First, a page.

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Manufacturers ride the PON wave

Posted: 21 Jun 2007 ?? ?Print Version ?Bookmark and Share

Keywords:passive optical networks? PONs? IPTV? broadband PON? Wi-Fi?

It's June, and passive optical networks (PONs) has been busting out all over at the NxtComm telecommunications trade show in Chicago.

The success of Verizon Communications Inc.'s FiOS network is a factor in the explosion of interest in PONs. But there's also a growing realization among telephony carriers and cable TV multisystem operators that triple- and quadruple-play services must offer a full suite of TV optionsincluding an RF overlay for standard- and high-definition (HD) broadcast channels, as well as sufficient Internet Protocol bandwidth for IPTV.

'The only option'
While fiber based on active optics could provide plenty of bandwidth for any mix of services, a true active fiber interface to the home has been attempted only in Japan. PONs are the only other alternative for homes with multiple HDTV sets. A dedicated switched digital fiber interface could provide 100Mbps or more to each home. A PON line card offers 2.5Gbps downstream and 1.25Gbps upstream, split among one to 64 subscribers at a density that fits the carrier's profit plans.

"As consumers become familiar with HDTV quality, they add a second HD set in the home and all the assumptions of bandwidth break down," said Chris Bernard, engineering product manager at Zhone Technologies Inc. "DSL and traditional HFC [hybrid fiber coaxial] cable fall short. PON is really the only option."

North America has become a strong home for the International Telecommunication Union transition from first-generation broadband PON (based on an asynchronous transfer mode interface) to Gigabit PON (GPON). Asia is making an Ethernet-centric transition from EPON to GbE PON. A global company, whether an OEM or a chipset supplier, must be prepared to follow either track.

Two important nodes in the PON require standard silicon. To be cost-effective, the optical line terminal (OLT) at the central office usually requires multiple-channel PHY transceiver support, along with high-layer QoS traffic management. The optical network terminal (ONT) at the customer premises requires multiple processor cores for control plane, data path and DSP support. It also must be flexible enough to be used in an outdoor interface device on the side of a house, or in a residential gateway that might require Wi-Fi or security functions in the home. OLT and ONT devices can be very complex SoCs.

Segment players
PMC-Sierra, which acquired PON startup Passave Inc. last year, has turned to multiprocessing MIPS cores to handle advanced processing at low cost. BroadLight Inc. has moved to a PONrunner ONT chip with dual data path processors, a MIPS control plane core and a DSP for VoIP.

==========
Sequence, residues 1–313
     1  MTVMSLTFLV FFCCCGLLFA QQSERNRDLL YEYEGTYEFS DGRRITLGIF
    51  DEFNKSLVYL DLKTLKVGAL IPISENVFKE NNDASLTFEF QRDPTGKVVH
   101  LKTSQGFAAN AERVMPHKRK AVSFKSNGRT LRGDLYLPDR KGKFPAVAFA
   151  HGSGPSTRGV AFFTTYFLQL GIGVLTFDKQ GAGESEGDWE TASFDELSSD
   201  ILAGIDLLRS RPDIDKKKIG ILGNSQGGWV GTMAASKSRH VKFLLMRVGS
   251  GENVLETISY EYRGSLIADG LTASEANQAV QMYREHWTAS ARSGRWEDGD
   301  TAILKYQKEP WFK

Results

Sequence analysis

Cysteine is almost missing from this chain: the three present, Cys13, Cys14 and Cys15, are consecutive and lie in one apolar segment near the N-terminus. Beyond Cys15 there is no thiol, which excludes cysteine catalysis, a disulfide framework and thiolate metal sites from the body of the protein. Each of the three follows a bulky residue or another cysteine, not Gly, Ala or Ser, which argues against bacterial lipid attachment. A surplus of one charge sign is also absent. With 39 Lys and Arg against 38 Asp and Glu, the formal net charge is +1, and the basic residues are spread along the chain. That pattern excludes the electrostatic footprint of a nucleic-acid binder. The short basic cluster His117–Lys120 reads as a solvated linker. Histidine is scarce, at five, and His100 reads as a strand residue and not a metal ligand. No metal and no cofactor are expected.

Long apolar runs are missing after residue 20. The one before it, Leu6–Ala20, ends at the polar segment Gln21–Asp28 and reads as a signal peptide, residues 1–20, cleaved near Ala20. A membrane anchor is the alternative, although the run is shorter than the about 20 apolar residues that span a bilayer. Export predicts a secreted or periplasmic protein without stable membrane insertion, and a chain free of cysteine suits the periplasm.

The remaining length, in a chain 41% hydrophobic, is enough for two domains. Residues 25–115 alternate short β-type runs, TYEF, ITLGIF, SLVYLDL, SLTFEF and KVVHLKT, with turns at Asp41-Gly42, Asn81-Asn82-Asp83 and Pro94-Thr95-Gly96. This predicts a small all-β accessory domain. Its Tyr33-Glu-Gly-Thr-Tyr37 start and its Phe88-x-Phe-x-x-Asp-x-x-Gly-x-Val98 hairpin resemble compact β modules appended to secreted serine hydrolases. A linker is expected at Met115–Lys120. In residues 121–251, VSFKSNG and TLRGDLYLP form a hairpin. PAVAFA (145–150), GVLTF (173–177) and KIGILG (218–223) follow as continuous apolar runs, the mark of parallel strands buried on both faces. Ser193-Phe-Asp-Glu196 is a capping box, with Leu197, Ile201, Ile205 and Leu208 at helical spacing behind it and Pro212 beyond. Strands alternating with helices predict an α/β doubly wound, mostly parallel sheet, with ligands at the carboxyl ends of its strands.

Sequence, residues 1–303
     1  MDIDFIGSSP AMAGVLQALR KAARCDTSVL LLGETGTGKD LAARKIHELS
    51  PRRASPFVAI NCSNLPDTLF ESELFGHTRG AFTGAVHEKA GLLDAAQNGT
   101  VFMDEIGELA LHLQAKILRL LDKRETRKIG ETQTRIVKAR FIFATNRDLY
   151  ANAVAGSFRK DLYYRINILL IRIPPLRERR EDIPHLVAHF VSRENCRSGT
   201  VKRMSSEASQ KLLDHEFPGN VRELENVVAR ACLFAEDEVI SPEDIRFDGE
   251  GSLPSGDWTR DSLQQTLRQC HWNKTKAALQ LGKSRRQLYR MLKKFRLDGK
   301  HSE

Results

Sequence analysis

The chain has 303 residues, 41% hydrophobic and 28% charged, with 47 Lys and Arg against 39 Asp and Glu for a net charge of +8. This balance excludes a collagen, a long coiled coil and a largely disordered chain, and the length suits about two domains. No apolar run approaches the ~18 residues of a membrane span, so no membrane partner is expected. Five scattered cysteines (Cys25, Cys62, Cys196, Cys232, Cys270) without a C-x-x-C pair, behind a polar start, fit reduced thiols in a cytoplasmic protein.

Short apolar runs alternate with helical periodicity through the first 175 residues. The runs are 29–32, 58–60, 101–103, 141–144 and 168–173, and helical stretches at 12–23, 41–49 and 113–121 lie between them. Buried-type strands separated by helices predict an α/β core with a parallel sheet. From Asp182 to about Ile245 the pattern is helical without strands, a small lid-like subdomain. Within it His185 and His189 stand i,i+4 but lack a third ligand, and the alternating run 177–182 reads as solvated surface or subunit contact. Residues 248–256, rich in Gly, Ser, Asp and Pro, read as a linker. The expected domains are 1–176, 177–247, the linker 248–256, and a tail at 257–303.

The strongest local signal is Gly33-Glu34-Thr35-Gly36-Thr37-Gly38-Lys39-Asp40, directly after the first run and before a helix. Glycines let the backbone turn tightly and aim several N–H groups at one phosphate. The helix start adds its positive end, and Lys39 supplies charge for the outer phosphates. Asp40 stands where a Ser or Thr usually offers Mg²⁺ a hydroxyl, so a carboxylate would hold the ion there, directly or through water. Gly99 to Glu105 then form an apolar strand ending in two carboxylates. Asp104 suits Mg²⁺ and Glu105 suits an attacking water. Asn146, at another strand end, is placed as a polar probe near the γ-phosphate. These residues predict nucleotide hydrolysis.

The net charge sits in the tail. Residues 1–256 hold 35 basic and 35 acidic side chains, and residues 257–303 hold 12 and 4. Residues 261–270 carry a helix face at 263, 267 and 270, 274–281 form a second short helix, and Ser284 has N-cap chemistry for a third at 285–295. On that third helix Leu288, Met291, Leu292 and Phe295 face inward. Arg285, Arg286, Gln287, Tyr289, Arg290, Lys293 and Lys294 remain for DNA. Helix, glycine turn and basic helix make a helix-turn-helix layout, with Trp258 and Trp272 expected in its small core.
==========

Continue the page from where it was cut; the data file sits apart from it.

Gigabit PON lowers FTTH costs with premium triple-play services.

The PON infrastructure between central office and residence requires only splitters and wave-division mux combiners. While the equipment is simple, Zhone Technologies considers passive elements important enough to offer them to customers through an OEM partner.

NxtComm activity this year is skewed toward GPON, but EPON is by no means dying. Network processor supplier Cortina Systems Inc., which acquired PON startup ImmenStar last spring, will launch an EPON-based suite of optical-line-terminal and optical-network-terminal chips.

Access system vendor Wave7 Optics Inc., a PON pioneer in the late 1980s, claimed last week to be the first to ship an aggregation system that supports EPON and GPON simultaneously.

Some larger carriers have committed billions to the creation of green-field PON networks, with Verizon setting the tone. But second-tier carriers need an easy strategy to move from VDSL or HFC to PON. Zhone is attempting to solve that problem at the system level by offering GPON line cards that are inserted directly into its multi-access line concentrator (MALC) multiservice broadband loop carrier. The MALC chassis already supports DSL services, and fiber-to-the-home can be added with the new GPON boards.

Hitachi Telecom USA Inc. designed its AMN1220 aggregator to integrate into cable MSO headends and the results were announced just ahead of NxtComm. The Hitachi systems are being used in what is believed to be the first MSO deployment of GPON, by Falcon Broadband.

Because MSOs and telco carriers may have radically different ideas on what functions stay inside and outside the home, BroadLight director of marketing Dan Parsons said PON chip designers cannot bet on a sole residential-gateway or outdoor-pod strategy. "There are some basic functions that will be integrated, outdoors or indoors," he said. "But you have to plan on flexible PON designs."

Too many PONs?
Even if millions of homes adopt PON ONTs of some type, carrier market consolidation will likely mean that only a lucky few OEMs and semiconductor suppliers will make PON infrastructure a viable business.

One developer who has watched the first round of consolidation, as Passave was snapped up by PMC-Sierra, said he expects more fireworks as Conexant Systems Inc., Ikanos Communications and other players enter a crowded market.

"In the first place, the chip market itself is getting as crowded as Ethernet switching was in the early days," said the source, who asked not to be identified. "Ethernet switching has pretty much boiled down to just Broadcom and Marvell. As for the customers they serve, the early PON TEMs [telecom equipment manufacturers] are either loop carrier specialists or ones with internal projects they've served, like Hitachi."

He adds, "Once a Cisco or an Alcatel gets really serious here, how much room will there be for end equipment? And how many carriers could really be as serious in PON purchases as a Verizon or an AT&T?"

- Loring Wirbel
EE Times




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